One thing consumers rarely realize is that all of our banks are lending money to each other every night. Banks are legally required to maintain a certain percentage of their deposits in non-interest-bearing accounts at the Federal Reserve to ensure they have enough money to cover any withdrawals that may unexpectedly come up. However, deposits can fluctuate and it's very common for some banks to exceed the requirement on certain days while some fall short. In cases like this, banks actually lend each other money to ensure they meet the minimum balance. It's a bit hard to imagine these multibillion-dollar financial institutions needing to borrow money to tide them over for a bit, but it happens every single night at the Federal Reserve. It's also a nice deal for those with balances above the reserve balance requirement to earn a bit of money with cash that would normally just be sitting there.
The Federal Reserve
The exact interest rate the banks will charge each other is a matter of negotiation between them, but the Federal Open Market Committee (FOMC) (the arm of the Federal Reserve that sets monetary policy) meets eight times a year to set a target rate. They evaluate a multitude of economic indicators including unemployment, inflation, and consumer confidence to decide the best rate to keep the country in business. The weighted average of all interest rates across these interbank loans is the effective federal funds rate.
This rate has a huge impact on the economy overall as well as your personal finances. The federal funds rate is essentially the cheapest money available to a bank and that feeds into all of the other loans they make. Banks will add a slight upcharge to the rate set by the Fed to determine what is the lowest interest that they will announce for their most creditworthy customers, also known as the prime rate. If you have a variable interest rate loan (very common with credit cards and some student loans), it's likely that the interest rate you pay is a set percentage on top of that prime rate that your lender is paying. That's why in times of low interest rates (it was set at 0% during the Great Recession), a lot of borrowers should go for fixed interest rate loans that won't increase. However, if the federal funds rate was relatively high (it went up to 20% in the early 1980's), a variable interest rate loan may be a better decision as you would be charged less interest should the rate drop without the need to refinance.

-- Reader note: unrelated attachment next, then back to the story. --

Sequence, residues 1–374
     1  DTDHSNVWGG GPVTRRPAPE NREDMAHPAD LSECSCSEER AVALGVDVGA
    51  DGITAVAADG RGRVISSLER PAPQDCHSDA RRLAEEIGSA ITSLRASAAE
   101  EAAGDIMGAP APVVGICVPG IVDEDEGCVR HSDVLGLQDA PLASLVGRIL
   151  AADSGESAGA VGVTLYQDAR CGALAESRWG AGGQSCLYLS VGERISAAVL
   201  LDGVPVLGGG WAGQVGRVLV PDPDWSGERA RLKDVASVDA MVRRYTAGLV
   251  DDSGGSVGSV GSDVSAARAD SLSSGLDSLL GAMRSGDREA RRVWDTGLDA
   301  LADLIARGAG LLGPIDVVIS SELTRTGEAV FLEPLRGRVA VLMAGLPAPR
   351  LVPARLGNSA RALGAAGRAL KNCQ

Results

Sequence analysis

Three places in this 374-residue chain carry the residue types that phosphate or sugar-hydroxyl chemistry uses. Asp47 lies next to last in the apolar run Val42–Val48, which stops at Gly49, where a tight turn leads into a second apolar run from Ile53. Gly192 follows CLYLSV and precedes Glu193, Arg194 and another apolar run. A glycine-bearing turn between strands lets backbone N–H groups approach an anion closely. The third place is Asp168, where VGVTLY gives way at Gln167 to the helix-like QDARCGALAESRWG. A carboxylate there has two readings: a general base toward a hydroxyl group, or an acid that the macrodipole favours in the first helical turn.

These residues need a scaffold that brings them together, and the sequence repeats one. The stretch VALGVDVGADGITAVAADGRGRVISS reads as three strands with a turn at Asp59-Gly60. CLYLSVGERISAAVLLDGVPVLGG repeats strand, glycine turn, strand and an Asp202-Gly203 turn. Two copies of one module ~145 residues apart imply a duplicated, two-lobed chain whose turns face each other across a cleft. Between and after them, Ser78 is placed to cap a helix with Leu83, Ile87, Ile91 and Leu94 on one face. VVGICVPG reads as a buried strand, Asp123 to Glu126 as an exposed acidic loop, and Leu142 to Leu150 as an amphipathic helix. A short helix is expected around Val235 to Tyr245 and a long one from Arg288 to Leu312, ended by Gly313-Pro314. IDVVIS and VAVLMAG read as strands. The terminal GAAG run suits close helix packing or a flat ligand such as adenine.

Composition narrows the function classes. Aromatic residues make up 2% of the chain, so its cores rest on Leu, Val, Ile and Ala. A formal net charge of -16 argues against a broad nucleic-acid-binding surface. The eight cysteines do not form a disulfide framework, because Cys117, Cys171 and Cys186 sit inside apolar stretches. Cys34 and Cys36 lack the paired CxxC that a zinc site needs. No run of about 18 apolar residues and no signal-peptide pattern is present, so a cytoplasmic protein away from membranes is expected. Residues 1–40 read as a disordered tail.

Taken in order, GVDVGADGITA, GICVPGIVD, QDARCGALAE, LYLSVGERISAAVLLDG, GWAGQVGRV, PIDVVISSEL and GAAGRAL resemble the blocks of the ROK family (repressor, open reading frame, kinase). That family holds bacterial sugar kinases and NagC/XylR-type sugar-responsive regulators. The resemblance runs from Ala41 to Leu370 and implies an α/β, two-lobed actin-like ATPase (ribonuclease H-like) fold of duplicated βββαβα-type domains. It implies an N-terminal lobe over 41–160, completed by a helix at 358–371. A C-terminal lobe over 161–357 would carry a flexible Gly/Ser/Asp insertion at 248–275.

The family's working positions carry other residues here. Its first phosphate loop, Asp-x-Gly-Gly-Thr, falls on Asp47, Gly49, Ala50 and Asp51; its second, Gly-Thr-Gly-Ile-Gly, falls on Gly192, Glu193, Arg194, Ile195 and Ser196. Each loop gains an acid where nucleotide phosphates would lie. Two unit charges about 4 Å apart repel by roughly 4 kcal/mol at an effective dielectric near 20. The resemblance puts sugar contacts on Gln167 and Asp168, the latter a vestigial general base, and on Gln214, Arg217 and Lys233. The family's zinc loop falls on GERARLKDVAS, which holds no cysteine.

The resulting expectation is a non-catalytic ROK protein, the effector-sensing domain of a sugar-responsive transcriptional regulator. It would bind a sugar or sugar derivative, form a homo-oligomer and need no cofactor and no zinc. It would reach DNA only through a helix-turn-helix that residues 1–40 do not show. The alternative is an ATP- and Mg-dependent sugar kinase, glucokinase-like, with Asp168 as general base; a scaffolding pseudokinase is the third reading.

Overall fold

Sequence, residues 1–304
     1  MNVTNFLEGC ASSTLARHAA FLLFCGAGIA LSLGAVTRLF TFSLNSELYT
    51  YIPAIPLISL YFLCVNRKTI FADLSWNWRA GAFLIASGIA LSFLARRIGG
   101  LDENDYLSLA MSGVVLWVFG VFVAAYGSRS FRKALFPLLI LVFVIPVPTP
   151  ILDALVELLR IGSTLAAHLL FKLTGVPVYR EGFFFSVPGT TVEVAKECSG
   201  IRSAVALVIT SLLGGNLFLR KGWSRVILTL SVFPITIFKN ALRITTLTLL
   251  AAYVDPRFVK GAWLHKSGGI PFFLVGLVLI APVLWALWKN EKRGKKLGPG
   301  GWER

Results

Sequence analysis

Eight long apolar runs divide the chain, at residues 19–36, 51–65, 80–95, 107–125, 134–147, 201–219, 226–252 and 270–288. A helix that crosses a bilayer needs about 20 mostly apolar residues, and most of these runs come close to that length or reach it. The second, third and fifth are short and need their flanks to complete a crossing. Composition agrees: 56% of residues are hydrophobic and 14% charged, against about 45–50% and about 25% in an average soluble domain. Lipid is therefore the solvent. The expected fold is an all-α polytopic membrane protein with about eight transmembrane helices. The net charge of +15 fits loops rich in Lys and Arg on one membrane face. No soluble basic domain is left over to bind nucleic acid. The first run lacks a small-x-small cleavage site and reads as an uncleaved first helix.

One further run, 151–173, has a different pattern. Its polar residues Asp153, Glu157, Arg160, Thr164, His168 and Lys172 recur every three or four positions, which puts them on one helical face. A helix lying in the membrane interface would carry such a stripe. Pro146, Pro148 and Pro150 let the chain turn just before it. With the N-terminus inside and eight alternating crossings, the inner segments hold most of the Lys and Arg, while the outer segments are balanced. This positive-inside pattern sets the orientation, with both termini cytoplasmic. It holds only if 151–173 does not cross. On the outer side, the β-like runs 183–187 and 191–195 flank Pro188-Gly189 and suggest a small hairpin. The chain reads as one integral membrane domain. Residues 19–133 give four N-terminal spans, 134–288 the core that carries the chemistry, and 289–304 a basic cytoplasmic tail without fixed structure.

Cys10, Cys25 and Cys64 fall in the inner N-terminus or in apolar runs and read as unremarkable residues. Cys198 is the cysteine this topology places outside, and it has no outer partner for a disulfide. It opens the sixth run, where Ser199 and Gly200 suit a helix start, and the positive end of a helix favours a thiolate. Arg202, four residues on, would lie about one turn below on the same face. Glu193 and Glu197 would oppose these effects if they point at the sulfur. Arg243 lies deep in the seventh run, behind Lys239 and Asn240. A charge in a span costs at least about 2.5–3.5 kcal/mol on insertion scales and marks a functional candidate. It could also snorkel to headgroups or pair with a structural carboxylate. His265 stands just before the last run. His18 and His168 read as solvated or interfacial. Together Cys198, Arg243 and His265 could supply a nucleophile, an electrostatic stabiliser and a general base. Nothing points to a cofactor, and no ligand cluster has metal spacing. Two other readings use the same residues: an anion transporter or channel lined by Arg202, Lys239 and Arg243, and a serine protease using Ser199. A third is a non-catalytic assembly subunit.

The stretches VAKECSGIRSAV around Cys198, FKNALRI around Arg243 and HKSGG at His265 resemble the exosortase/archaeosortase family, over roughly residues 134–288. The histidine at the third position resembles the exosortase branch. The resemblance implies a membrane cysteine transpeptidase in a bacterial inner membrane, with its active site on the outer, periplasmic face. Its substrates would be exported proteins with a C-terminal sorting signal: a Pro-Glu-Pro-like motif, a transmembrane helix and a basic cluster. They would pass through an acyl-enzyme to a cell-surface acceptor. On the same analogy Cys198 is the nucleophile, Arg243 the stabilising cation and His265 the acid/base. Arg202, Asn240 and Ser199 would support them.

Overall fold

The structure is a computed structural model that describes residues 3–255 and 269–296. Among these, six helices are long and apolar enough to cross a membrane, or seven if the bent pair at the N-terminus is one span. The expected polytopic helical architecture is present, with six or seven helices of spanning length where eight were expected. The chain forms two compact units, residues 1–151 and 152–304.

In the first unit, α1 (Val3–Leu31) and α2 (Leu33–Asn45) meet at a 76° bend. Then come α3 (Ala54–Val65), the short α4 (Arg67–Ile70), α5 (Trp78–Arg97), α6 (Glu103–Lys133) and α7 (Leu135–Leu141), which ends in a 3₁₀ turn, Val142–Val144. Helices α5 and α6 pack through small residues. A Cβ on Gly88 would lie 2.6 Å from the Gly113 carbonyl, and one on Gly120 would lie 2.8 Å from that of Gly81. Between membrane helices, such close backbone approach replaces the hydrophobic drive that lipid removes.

The federal funds rate also has a major impact on your investment portfolio. The stock market reacts very strongly to any changes in interest rates from the Federal Reserve, as a lower rate makes it cheaper for companies to borrow and reinvest while a higher rate may restrict capital and slow short-term growth. If you have a significant portion of your investments in equities, a small change in the federal funds rate can have a large impact on your net worth.
Whether you're leaving a job involuntarily, departing for something new, or just want to prepare for the unknown, it is smart to understand all your options regarding your 401k.
Frugal gifting often gets a bad reputation. However, this shopping method does not make you cheap — it makes you practical. Frugal gifts often avoid waste and overspending and can be just as meaningful (if not more so) as any other present.
With the National Retail Federation predicting each consumer this holiday season to spend upwards of $1,000 on holiday gifts amidst an economic recession —this year might be the perfect time to reconsider your spending budget. We've formulated the ultimate list of frugal gift-giving ideas to get you started.